Does Childhood Attention-Deficit/Hyperactivity Disorder (ADHD) Predict Levels of Depressive Symptoms during Emerging Adulthood?
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Little is known about the development and course of depressive symptoms through emerging adulthood among individuals with a childhood history of attention-deficit/hyperactivity disorder (ADHD). The aim of this study was to examine if a history of ADHD in childhood significantly predicted depressive symptoms during emerging adulthood (i.e., ages 18–25 years), including the initial level of depressive symptoms, continued levels of depressive symptoms at each age year, and the rate of change in depressive symptoms over time. 394 participants (205 with ADHD and 189 without ADHD; 348 males and 46 females) drawn from the Pittsburgh ADHD Longitudinal Study (PALS) completed annual self-ratings of depressive symptoms between the ages of 18 and 25 years. Childhood history of ADHD significantly predicted a higher initial level of depressive symptoms at age 18, and higher levels of depressive symptoms at every age year during emerging adulthood. ADHD did not significantly predict the rate of change in depressive symptoms from age 18 to age 25. Childhood history of ADHD remained a significant predictor of initial level of depressive symptoms at age 18 after controlling for comorbid psychiatric diagnoses, but not after controlling for concurrent ADHD symptoms and psychosocial impairment. Participants with childhood histories of ADHD experienced significantly higher levels of depressive symptoms than non-ADHD comparison participants by age 18 and continued to experience higher, although not increasing, levels of depressive symptoms through emerging adulthood. Clinical implications and directions for future research are discussed.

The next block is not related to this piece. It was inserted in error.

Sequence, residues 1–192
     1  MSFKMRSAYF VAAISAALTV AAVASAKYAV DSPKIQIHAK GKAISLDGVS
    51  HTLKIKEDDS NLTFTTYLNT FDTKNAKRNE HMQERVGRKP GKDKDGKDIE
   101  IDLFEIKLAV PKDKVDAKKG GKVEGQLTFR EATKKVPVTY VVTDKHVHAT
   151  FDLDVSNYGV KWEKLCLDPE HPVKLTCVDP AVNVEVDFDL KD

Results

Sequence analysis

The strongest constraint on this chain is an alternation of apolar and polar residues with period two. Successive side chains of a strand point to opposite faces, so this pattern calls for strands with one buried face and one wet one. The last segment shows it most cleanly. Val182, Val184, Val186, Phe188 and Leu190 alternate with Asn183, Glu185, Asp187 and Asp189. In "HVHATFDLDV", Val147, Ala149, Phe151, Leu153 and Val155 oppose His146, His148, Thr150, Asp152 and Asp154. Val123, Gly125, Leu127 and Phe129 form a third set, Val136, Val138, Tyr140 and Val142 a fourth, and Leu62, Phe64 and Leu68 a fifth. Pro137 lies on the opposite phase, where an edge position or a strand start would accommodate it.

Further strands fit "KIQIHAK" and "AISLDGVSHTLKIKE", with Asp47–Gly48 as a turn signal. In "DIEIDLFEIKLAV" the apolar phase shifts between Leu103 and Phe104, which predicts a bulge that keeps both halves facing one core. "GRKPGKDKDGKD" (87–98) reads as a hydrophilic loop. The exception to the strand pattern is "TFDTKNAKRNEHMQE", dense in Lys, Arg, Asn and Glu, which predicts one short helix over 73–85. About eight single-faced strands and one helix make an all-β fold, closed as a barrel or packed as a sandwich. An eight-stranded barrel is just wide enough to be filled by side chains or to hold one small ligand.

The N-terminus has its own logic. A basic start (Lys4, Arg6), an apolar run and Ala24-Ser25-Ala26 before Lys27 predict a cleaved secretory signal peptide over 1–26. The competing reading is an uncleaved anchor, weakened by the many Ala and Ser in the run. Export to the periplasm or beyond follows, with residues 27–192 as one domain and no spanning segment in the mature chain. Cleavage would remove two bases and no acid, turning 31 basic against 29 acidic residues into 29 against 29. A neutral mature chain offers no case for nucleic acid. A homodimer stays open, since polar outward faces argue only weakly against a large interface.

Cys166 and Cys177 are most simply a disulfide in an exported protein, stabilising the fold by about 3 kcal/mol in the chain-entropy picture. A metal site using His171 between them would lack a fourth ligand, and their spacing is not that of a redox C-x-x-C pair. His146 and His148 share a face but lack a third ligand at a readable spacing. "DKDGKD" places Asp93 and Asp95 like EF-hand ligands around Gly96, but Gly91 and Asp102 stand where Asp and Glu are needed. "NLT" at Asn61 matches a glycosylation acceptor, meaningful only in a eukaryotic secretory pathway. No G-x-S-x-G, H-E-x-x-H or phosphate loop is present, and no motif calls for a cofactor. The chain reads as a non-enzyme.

KeywordsADHD Depression Emerging adulthood Longitudinal outcome
This research was principally supported by grants from the National Institute on Alcohol Abuse and Alcoholism (AA011873 and AA00202) and the National Institute on Drug Abuse (DA12414), awarded to Drs. Brooke Molina and William Pelham, funded the Pittsburgh ADHD Longitudinal Study, which was the data source for this project. Additional funding was provided by AA12342, AA00202, MH50467, MH12010, ESO5015, DA016631, MH065899, KAI-118-S1, DA85553, MH077676, MH069614, MH62946, MH065899, MH53554, MH069434, MH099030, IES LO3000665A, IESR324B060045, & NS39087.
In the past three years, Dr. James Waxmonsky served on the advisory panel for Noven Pharmaceuticals and the speaker’s board for Quintiles and received research funding from Janssen Pharmaceuticals. Additionally, Drs. Waxmonsky and Pelham received research funding from Noven Pharmaceuticals.
Conflict of Interest
The authors declare that they have no conflict of interest
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